Modi is still popular in Nepal

India's strong man rules a weak country

The Indian Prime Minister has so far been more of a showman than a statesman. That makes him popular in the country. But Corona and the conflict with China show the limits of Narendra Modi's policy.

Something is breaking in India right now.

In recent weeks the earth has shook in the west of the country, swarms of locusts have invaded the north, and dozens of people drowned in floods in the south and east. A week ago, in the state of Kerala, eighteen people were killed when a plane skidded over the runway into a ditch.

And otherwise? In no other country is the number of corona infections rising faster; most recently there were over 50,000 new infections per day. The daily number of deaths is around 1000, and the trend is rising.

India is likely to slide into recession for the first time in forty years. The International Monetary Fund forecasts a decline in gross domestic product of 4.5 percent for 2020. Millions of Indians will slide into poverty.

And then India is also trying to cope with one of the most serious foreign policy crises in recent decades. In mid-June there were bloody clashes on the disputed border with China. Since then, the military and diplomats have been negotiating a solution to a conflict that is becoming increasingly important for the world.

Modes of the Identity Politicians

And what is Prime Minister Narendra Modi doing, the man who has the most power in India and who attracts all the attention? He is happy about the construction of a temple. At the beginning of August, Modi laid the foundation stone for a Hindu temple in the north Indian town of Ayodhya. He promised the "dawn of a new era"; After centuries of waiting, the god Ram finally got a home in his alleged place of birth.

Anyone who thinks the prime minister's prioritization is strange is wrong. Ayodhya showed the method with which Modi has been ruling successfully since 2014. Few politicians know how to use religious and national symbols for their own purposes. A mosque stood at the place where the temple in Ayodhya is being built until 1992. Fanatical Hindus destroyed them. They had been incited by politicians, one of the spokesmen was Narendra Modi. The destruction of the mosque was a defining event for India. It is also closely linked to Modi's rise.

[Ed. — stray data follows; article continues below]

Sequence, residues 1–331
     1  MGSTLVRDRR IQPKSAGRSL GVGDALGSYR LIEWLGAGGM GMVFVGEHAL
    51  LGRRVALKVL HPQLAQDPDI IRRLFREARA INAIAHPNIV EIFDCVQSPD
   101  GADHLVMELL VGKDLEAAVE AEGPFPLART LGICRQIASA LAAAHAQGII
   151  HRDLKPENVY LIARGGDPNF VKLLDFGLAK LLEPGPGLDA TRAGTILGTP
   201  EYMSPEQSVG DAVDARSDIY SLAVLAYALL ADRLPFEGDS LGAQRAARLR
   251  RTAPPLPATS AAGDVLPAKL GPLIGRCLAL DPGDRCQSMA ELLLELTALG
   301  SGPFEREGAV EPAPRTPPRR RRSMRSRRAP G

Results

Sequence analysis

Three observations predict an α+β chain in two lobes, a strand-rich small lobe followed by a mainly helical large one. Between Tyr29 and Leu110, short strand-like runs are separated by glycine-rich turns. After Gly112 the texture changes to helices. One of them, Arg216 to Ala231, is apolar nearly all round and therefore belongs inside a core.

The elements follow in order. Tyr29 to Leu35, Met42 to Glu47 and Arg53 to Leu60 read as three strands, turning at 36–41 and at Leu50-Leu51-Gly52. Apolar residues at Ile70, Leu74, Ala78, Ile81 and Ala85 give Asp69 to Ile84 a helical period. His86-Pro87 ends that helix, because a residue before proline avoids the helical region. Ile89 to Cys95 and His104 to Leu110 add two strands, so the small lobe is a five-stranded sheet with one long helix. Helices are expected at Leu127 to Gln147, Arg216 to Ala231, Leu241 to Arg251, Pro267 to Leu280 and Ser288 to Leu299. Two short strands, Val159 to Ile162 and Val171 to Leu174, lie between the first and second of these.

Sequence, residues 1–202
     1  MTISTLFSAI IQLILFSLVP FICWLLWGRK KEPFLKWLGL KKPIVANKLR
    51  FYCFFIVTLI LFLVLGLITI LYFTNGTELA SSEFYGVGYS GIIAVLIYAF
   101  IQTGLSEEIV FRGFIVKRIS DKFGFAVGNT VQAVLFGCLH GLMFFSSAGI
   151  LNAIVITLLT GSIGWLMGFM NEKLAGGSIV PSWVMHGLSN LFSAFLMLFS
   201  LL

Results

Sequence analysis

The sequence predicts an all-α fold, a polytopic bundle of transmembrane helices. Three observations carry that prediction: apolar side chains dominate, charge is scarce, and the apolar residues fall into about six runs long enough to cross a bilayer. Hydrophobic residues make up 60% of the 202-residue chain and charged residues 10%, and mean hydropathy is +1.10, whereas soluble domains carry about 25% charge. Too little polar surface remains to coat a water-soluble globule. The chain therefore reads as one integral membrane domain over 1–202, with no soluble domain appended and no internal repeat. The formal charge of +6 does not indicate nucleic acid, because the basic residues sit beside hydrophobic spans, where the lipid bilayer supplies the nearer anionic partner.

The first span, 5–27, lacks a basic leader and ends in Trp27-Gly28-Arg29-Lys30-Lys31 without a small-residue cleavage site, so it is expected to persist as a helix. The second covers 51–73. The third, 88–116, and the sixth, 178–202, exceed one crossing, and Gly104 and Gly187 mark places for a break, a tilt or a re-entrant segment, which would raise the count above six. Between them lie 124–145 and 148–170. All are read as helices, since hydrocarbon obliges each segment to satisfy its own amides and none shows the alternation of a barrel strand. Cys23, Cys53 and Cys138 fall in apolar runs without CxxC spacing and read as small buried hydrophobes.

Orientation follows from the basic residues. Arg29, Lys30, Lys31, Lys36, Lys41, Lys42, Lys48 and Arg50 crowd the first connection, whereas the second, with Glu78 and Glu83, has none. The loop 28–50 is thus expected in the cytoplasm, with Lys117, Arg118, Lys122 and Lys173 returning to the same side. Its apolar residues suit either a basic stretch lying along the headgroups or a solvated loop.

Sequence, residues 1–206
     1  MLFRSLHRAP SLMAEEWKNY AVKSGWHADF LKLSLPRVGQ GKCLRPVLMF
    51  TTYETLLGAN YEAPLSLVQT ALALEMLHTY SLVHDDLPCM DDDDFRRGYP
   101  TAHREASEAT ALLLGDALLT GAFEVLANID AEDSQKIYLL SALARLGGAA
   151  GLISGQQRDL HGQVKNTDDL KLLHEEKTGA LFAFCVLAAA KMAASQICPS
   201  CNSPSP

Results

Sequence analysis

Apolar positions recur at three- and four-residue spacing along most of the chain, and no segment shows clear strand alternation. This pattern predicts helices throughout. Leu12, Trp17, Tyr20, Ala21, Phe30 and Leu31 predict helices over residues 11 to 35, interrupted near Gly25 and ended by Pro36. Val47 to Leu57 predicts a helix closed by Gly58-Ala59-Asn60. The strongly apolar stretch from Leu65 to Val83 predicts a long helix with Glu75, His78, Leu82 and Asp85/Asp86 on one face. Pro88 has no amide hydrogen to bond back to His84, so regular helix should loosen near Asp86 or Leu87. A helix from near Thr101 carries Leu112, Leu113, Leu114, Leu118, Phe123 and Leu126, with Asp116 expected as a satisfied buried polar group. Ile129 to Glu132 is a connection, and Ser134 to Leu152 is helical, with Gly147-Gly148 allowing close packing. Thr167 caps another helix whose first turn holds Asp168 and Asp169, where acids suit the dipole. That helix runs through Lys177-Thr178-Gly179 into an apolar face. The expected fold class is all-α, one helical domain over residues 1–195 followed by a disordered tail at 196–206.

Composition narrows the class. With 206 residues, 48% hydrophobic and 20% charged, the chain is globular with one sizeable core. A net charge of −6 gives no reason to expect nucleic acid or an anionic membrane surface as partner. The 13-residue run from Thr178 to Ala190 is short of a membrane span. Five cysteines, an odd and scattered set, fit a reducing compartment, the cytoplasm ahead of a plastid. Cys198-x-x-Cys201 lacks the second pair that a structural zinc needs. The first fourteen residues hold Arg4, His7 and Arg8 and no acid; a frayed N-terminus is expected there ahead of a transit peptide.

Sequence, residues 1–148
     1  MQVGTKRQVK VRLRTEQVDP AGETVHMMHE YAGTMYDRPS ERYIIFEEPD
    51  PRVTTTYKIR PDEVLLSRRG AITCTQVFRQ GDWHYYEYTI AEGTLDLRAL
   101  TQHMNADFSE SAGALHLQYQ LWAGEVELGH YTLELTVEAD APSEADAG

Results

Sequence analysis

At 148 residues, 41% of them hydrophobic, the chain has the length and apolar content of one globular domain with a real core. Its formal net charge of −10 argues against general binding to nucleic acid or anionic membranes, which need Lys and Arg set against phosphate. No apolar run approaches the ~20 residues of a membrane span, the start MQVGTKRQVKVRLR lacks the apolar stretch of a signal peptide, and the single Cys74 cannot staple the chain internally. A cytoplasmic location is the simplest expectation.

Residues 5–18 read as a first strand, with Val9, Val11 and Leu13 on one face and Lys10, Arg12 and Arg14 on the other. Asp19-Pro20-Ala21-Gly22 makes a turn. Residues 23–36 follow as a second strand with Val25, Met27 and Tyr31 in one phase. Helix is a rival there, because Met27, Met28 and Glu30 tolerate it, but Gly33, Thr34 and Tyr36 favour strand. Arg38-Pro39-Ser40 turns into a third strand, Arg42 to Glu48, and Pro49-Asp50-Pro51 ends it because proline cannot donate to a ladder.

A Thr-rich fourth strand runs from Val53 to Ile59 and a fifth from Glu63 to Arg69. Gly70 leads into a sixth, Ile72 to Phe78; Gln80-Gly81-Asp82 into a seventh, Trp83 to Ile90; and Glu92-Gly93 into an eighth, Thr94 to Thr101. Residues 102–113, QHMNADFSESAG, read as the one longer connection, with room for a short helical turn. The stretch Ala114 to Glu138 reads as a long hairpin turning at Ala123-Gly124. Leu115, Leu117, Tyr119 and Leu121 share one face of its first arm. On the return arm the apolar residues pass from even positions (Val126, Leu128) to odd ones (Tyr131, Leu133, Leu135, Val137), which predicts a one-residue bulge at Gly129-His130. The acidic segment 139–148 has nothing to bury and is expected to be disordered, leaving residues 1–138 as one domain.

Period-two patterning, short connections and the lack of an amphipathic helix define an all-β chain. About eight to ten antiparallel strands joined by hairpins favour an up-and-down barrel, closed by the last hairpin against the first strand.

Millions of Indians choose Modi because they see in him the strong man who will lead India to long-awaited greatness. Your faith is unbroken. While governments elsewhere are lurching through the Corona crisis, the Indian Prime Minister has approval ratings of over 70 percent. Indian media write that it is made of Teflon, and everything is rubbing off on him.

Modi's identity politics is popular. But it disguises the fact that the India of the Hindu nationalists is a country that shows strength especially against minorities. For example, when the government withdrew partial autonomy from Jammu and Kashmir, the only state with a Muslim majority, a year ago. Or when she drafted a naturalization law at the end of 2019, from which Muslims are exempt.

The strong man's invulnerability does not bode well for India. Because it hides the fact that Narendra Modi rules a country that is as weak as it has been in a long time.

Demonstrate drive, come on the hell out of it

India's weakness is evident in the corona crisis. The public health system is overloaded and underfunded. When the virus came, the government reacted hastily: In March Modi imposed one of the strictest lockdowns in the world. He did it four hours in advance, at a time when the country with 1.4 billion inhabitants officially only counted just under 600 cases. Two months later, the government was forced to lift restrictions on going out. The hospitals were still not equipped, but the lockdown had triggered a humanitarian crisis. Millions of Indians lost jobs and incomes, and many were dependent on food aid.

In contrast to Donald Trump or Jair Bolsonaro, Modi always took the corona virus seriously. But the actions of his government seemed to be aimed primarily at demonstrating drive, regardless of loss. That, too, is Modi's method. Many remembered November 2016, when he suddenly withdrew the most common banknotes from circulation and thus plunged the Indian economy into chaos.